Director: Wanda Jakubowska | Scr: Wanda Jakubowska, Gerda Schneider | Cast: Tatjana Gorecka, Antonina Górecka, Barbara Drapinska, Aleksandra Śląska | Drama / Poland / 110 minutes
Wanda Jakubowska (1907-1998) and her scriptwriter Gerda Schneider were themselves both inmates of Auschwitz; and Jakubowska’s determination to remember what she was witnessing in order to make a film about it helped keep her alive. In the summer of 1947 she duly returned to Auschwitz to film the exteriors of ‘The Last Stage’, with former inmates among the supporting cast. (The fact that it was shot in summer already sets it apart from most other films set in the camps, which usually find winter more atmospheric). Much of the imagery of later reenactments like ‘Schindler’s List’ – including the famous orchestra – can be found here; while the fact that the events it reenacts were only a couple of years previously gives it an immediacy and visual authenticity no later reenactments could hope to match. (One tends to think of Auschwitz as just a collection of huts, but seeing the real thing in this film you realise how enormous it was).
‘The Last Stage’ is not strictly speaking about The Holocaust, but is more an anti-fascist document of the rape of Poland by its occupiers; and we actually see Polish women protesting at their incarceration and rough treatment on the grounds that they’re not Jewish. Jakubowksa herself was there because of her activity in the resistance, while the onscreen introduction lists the many different nationalities held in Auschwitz. We see Frenchwoman singing the Marseilleise and Russian women dancing to celebrate Stalingrad (although it is sobering to reflect that at this stage liberation will still be two very long years away); and one prominent character is a gypsy.
Jakubowska’s film is organised as an ensemble piece which flits from group to group, the most prominent character being Barbara Drapinska as Martha Weiss, a young Jewish woman whose ability to speak German result in her life being spared (for the time being) to function as an interpreter. The actress who actually heads the cast list is Tatjana Gorecka as Eugenia, a Russian doctor ultimately tortured to death for attempting to tell the truth to members of an international commission who visit the camp to observe the conditions. (The fact that outside observers were allowed into some of the camps, where they were successfully lied to about what was actually going on, remains little known).
The chimneys perpetually belching smoke are frequently remarked upon throughout the film; and although the actual mass extermination programme is not depicted there are harrowing scenes involving the murder of a baby and the withholding of medicine. The cruelty of the guards and the kapos is depicted as a routine matter and the camp administration as unimaginative jobsworths. But Jakubowska is more concerned with making an uplifting socialist tribute to comradeship in adversity than a recitation of Nazi atrocities. Everyone in ‘The Last Stage’ is an individual, even the administrators (who get a surprising amount of screen time). Despite the characters all speaking in their native languages, the cast are all Polish (some of those playing Germans obviously dubbed), and with their handsome Polish faces look far too healthy and well nourished to dispel memories of the damning newsreel footage of starved and broken human beings that shocked the world in 1945. Even Aleksandra Śląska as the camp overseer is ironically much prettier than any of the actual women guards we see in contemporary newsreels.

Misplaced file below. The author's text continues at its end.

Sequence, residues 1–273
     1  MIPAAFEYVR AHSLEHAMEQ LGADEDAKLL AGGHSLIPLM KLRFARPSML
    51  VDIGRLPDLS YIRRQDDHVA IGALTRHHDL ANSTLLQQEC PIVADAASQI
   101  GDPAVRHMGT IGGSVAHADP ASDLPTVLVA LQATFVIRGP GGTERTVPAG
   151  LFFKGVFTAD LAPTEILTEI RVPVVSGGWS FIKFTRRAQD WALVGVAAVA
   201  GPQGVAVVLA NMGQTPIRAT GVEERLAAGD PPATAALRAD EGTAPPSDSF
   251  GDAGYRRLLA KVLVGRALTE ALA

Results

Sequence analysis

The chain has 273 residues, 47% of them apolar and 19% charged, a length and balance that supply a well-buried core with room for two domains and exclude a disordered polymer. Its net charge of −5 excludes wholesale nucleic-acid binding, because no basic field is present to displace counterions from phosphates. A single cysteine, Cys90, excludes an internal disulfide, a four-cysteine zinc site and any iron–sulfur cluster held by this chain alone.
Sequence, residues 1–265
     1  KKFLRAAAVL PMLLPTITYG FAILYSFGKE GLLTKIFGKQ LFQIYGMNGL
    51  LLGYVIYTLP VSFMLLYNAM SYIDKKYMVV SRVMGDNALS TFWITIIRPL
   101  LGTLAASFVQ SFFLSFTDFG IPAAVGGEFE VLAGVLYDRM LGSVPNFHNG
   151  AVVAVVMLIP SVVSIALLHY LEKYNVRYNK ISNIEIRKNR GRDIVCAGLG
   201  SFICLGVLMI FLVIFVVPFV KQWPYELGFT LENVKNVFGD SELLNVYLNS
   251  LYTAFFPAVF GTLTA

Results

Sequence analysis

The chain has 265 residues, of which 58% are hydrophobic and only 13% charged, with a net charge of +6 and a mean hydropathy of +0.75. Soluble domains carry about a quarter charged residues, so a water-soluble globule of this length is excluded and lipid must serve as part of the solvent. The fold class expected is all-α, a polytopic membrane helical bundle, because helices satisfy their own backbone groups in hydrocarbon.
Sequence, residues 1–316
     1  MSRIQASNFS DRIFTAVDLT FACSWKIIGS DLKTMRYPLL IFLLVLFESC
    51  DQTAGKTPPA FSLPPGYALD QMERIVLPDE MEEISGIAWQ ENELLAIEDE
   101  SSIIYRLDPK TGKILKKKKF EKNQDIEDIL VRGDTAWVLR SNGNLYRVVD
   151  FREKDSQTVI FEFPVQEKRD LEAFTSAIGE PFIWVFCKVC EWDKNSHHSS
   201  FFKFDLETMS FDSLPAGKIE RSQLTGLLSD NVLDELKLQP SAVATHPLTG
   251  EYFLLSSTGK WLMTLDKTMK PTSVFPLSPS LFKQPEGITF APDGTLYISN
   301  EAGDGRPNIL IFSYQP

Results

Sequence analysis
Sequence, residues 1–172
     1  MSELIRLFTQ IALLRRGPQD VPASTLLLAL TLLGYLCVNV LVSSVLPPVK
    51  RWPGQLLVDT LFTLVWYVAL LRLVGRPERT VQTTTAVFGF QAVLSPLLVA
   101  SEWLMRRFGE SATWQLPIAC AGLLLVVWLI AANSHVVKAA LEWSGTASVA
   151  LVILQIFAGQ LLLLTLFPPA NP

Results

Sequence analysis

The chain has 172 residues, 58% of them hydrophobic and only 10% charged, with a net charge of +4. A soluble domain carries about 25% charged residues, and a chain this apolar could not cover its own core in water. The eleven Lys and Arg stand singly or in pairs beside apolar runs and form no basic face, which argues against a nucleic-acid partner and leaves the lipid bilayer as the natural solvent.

‘The Last Stage’ could only have been made with Russian approval (Stalin, apparently actually approved the script personally), the excellent photography is by a veteran Russian cameraman, Bentsion Monastyrsky, and the Red Army are portrayed as saviours. Although stills from ‘The Last Stage’ regularly appear in film histories, the film itself (along with the rest of postwar Polish cinema) is little seen today. That Jakubowska remained an ardant communist until the very end of her long life, as well as enthusiastically wedded to socialist realist aesthetics, led to her own work ironically being sidelined as “politically incorrect” in post-communist Poland. RICHARD CHATTEN